“Trash, pure trash,” is not the usual critic’s blurb most directors hope for when they promote a movie. Of course, director and writer Jeff Baena’s The Little Hours is not your typical tale of nuns in a fourteenth-century Italian convent. The film earned that inflammatory summary from the Catholic League’s Bill Donohue for its salacious and comedic depiction of nuns as crass, sexually curious individuals who found themselves in habits not because of an undying devotion to God, but because in 1347 there weren’t many other options.
Sister Alessandra (Alison Brie) is waiting for her father to produce a big enough dowry so she can marry and leave the convent. Sister Fernanda (Aubrey Plaza) sneaks off into the woods for pagan witch rituals. And Sister Ginerva (Kate Micucci) represses her latent homosexuality by being the convent’s resident tattle-tale. After repeated instances where the three nuns yell profanities and hurl vegetables at the convent’s groundskeeper, he quits, necessitating Father Tommasso (John C. Reilly) to hire Massetto (Dave Franco) who is on the run from Lord Bruno (Nick Offerman).
With his good looks and wholesome demeanor, Massetto catches the attention of the three nuns who use him to explore their budding sexuality. While the plot may sound like a steamy, morally conflicted drama, it’s clear from the first scene where Fernanda and Ginerva yell, “Hey, don’t f***ing talk to us!” at the friendly groundskeeper, that the film is a silly farce through and through.
The movie’s comedy foundationally rests on the unexpected image of sarcastic nuns rolling their eyes and freely cussing at whoever annoys them. This is a surprisingly successful tactic as it never seems to get old within the context of the movie as newer and wider boundaries of absurdity are pushed, from Father Tommasso consistently drinking too much communion wine to an elderly nun walking in on Alessandra and Massetto in the heated throes of passion, oblivious to their presence and activity.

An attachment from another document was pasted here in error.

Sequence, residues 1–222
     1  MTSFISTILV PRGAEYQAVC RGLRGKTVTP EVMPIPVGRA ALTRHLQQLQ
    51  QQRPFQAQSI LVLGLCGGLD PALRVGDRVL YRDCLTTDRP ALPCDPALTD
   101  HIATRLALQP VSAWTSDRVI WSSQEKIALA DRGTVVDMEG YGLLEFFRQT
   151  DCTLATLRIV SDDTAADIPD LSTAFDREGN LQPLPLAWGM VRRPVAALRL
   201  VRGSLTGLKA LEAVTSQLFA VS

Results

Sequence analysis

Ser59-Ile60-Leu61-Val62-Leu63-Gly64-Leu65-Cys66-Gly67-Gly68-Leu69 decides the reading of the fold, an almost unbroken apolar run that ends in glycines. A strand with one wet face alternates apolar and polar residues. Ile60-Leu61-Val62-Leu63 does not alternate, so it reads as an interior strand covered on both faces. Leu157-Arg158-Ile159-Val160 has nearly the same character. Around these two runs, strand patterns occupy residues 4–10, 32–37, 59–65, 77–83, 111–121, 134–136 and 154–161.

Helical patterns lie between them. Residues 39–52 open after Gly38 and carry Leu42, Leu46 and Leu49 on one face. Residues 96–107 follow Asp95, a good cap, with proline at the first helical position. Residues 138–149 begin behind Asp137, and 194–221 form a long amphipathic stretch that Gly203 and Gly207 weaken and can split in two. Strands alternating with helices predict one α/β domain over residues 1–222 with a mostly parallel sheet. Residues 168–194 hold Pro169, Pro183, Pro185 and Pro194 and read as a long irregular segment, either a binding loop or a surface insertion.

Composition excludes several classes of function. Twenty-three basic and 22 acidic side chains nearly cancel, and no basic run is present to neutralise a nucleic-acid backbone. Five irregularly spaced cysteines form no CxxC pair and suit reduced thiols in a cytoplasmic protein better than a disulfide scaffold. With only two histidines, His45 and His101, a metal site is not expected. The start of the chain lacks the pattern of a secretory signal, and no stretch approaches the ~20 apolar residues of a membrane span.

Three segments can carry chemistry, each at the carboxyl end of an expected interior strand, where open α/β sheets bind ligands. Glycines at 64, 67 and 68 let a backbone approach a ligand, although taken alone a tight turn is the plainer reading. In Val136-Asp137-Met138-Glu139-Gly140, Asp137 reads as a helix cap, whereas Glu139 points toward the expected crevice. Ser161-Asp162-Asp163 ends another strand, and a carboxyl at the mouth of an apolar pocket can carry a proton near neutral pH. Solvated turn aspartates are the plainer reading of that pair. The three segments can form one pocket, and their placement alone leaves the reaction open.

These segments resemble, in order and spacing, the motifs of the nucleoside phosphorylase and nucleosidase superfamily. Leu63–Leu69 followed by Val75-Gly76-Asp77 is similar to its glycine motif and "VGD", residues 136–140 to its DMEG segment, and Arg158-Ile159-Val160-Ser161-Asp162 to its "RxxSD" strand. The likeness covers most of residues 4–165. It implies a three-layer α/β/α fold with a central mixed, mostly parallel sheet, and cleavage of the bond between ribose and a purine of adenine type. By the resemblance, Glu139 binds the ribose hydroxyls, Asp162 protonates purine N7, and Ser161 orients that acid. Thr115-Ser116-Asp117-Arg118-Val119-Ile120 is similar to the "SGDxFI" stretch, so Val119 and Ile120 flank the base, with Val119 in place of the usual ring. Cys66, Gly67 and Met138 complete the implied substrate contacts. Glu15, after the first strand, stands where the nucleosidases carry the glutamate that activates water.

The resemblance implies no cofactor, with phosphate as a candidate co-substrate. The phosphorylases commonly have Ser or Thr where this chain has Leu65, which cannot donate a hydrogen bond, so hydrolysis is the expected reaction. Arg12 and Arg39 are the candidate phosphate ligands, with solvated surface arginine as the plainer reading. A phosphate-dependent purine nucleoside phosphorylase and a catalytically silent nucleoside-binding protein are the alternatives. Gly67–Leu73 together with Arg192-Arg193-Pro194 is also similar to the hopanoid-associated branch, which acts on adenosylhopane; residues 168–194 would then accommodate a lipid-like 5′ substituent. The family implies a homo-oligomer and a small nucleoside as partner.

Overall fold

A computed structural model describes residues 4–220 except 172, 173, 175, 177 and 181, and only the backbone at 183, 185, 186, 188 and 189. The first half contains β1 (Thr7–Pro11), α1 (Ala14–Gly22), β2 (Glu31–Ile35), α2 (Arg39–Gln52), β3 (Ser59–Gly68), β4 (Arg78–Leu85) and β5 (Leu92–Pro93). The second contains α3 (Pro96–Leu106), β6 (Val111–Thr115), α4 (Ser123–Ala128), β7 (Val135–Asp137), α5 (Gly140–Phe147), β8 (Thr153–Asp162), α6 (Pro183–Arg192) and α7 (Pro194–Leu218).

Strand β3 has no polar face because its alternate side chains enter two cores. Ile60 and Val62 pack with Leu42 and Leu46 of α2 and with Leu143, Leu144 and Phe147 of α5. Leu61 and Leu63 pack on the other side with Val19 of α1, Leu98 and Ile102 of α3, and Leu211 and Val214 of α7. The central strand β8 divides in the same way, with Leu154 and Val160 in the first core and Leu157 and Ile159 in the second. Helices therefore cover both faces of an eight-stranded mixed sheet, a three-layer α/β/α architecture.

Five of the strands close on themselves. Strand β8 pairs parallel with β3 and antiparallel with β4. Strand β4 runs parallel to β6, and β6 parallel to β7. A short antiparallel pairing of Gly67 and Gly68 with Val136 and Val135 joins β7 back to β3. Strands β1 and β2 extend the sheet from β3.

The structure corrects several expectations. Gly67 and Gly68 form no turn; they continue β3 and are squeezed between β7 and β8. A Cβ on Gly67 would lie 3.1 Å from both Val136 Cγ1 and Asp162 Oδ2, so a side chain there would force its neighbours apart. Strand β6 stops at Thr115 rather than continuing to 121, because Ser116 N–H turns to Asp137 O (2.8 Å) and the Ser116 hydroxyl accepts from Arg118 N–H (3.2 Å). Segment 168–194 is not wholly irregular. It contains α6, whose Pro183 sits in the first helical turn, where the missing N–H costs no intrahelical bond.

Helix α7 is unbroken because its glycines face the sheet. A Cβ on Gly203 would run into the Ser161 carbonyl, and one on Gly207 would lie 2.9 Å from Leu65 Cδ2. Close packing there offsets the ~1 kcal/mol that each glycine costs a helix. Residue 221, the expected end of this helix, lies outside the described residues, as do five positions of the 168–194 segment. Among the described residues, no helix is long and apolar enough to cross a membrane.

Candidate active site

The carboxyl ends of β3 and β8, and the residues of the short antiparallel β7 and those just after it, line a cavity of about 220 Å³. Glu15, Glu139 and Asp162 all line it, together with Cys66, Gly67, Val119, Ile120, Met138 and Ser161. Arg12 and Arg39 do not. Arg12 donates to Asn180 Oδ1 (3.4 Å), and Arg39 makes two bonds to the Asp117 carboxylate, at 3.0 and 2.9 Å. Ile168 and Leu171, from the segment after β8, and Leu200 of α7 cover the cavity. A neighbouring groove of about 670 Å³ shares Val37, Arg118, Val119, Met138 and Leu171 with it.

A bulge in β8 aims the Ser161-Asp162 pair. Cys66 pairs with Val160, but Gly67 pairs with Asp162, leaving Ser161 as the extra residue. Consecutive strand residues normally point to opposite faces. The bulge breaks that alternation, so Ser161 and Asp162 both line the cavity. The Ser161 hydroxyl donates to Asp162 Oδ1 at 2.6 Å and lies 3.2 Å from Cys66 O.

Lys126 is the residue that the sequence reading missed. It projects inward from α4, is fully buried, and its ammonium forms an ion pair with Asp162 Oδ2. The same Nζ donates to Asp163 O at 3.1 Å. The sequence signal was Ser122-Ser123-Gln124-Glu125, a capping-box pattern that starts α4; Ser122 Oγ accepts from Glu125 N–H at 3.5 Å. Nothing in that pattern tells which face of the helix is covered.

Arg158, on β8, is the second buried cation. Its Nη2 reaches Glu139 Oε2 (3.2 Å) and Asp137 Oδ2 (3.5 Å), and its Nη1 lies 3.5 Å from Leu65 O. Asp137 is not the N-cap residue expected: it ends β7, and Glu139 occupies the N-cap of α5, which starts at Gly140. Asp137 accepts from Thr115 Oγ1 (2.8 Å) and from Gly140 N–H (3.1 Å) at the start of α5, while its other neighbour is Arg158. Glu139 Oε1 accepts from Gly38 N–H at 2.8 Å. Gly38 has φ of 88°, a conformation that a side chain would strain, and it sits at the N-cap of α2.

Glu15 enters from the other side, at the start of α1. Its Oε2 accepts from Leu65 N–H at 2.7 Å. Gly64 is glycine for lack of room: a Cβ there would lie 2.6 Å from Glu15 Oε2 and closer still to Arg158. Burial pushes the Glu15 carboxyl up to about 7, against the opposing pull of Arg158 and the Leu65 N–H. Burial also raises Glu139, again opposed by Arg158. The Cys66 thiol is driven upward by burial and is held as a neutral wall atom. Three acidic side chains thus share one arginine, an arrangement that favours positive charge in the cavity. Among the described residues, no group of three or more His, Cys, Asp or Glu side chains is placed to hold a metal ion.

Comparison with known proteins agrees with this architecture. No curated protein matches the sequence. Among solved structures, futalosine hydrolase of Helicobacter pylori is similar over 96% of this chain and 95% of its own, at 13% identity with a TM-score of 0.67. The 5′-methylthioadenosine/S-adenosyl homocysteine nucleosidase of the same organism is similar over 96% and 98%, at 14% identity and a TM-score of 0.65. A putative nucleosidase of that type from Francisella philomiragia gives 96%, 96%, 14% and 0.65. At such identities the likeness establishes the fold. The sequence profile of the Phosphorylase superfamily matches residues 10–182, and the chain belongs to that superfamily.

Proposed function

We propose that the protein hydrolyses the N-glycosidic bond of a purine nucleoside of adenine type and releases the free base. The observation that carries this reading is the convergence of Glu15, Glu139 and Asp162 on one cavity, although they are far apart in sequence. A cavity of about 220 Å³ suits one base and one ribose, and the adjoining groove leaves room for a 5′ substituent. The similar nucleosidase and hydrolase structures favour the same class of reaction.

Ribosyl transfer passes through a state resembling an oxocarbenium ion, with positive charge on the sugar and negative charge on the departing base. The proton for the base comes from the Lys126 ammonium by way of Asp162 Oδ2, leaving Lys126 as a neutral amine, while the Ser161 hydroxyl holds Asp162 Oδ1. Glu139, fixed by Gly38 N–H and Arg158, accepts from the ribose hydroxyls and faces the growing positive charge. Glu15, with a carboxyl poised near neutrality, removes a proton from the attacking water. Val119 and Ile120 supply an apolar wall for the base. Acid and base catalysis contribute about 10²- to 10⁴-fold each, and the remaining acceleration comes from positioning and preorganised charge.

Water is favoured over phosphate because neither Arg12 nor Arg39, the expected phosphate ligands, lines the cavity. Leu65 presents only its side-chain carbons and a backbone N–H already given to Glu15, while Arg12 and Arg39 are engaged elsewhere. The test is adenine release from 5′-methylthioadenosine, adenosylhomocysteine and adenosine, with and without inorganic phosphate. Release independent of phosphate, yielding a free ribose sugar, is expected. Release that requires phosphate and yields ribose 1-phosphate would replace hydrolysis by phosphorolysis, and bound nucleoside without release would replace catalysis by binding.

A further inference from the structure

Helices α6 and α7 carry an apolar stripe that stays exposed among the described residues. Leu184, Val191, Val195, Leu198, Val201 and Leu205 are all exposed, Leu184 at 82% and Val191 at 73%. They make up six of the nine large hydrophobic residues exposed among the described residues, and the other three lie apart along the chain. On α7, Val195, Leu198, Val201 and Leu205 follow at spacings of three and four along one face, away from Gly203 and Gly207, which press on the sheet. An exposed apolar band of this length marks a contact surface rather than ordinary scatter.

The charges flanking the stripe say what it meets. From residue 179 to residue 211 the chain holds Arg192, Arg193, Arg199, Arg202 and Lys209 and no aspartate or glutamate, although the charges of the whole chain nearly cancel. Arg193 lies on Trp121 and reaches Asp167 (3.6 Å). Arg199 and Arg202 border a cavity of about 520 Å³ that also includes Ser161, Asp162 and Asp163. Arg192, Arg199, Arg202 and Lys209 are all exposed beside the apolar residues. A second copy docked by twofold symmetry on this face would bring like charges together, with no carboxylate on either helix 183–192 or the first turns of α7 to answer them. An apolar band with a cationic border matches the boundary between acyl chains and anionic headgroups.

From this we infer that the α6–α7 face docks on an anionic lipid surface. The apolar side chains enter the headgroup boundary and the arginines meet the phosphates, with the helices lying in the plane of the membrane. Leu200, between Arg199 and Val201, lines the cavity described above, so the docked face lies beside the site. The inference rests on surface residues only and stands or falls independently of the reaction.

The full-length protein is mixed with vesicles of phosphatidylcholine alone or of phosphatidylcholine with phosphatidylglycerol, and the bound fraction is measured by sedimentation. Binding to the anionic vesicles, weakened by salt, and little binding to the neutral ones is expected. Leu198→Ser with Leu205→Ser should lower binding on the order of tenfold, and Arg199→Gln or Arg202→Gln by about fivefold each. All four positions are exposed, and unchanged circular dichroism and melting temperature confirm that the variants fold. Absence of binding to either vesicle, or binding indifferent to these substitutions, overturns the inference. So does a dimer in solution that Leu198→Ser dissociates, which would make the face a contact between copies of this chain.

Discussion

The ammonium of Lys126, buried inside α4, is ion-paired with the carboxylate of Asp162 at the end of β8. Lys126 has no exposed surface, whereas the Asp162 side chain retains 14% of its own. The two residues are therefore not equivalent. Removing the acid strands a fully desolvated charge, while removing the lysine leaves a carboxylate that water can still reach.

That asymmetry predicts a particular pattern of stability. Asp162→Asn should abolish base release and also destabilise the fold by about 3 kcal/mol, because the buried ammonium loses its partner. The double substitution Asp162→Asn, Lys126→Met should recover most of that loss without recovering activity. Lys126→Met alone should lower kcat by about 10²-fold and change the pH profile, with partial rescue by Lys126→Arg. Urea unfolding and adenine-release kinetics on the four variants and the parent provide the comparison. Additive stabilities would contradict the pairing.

While the film’s charm is in its “nuns-gone-wild” theme, the spicy storyline is actually not too far off from the events depicted in Giovanni’s Boccaccio’s The Decameron, the collection of novellas Baena drew inspiration from while writing The Little Hours. These novellas told erotic and comedic stories of those living in the Italian countryside as The Black Plague spread throughout cities in the fourteenth century. During his research for the film Baena interviewed religious scholars and learned that a lot of these raunchy medieval tales were factual. Therefore, in response to the backlash Baena has received from Catholic groups about the film, he told Indiewire earlier this month that, “These protesters want to whitewash history and present it as though basically all of these people were saints, when in reality they were real people who had just as rich of an interior life and emotions and desires as we do.”
No part in the film echoes this sentiment more than when Alessandra sits face to face with an old, wrinkled nun and forlornly realizes her future at the convent would be one of loneliness and despair. This sad moment of truth gives an elevated meaning to all the wild antics these very human people of God get up to. Rather than living in full piety, the characters want to explore and experiment all life has to offer. The film is so clever because it places these normal human desires of lust and adventure into the personalities of nuns, showing simultaneously the constrictive limits of religion as well as the imperfections of humanity.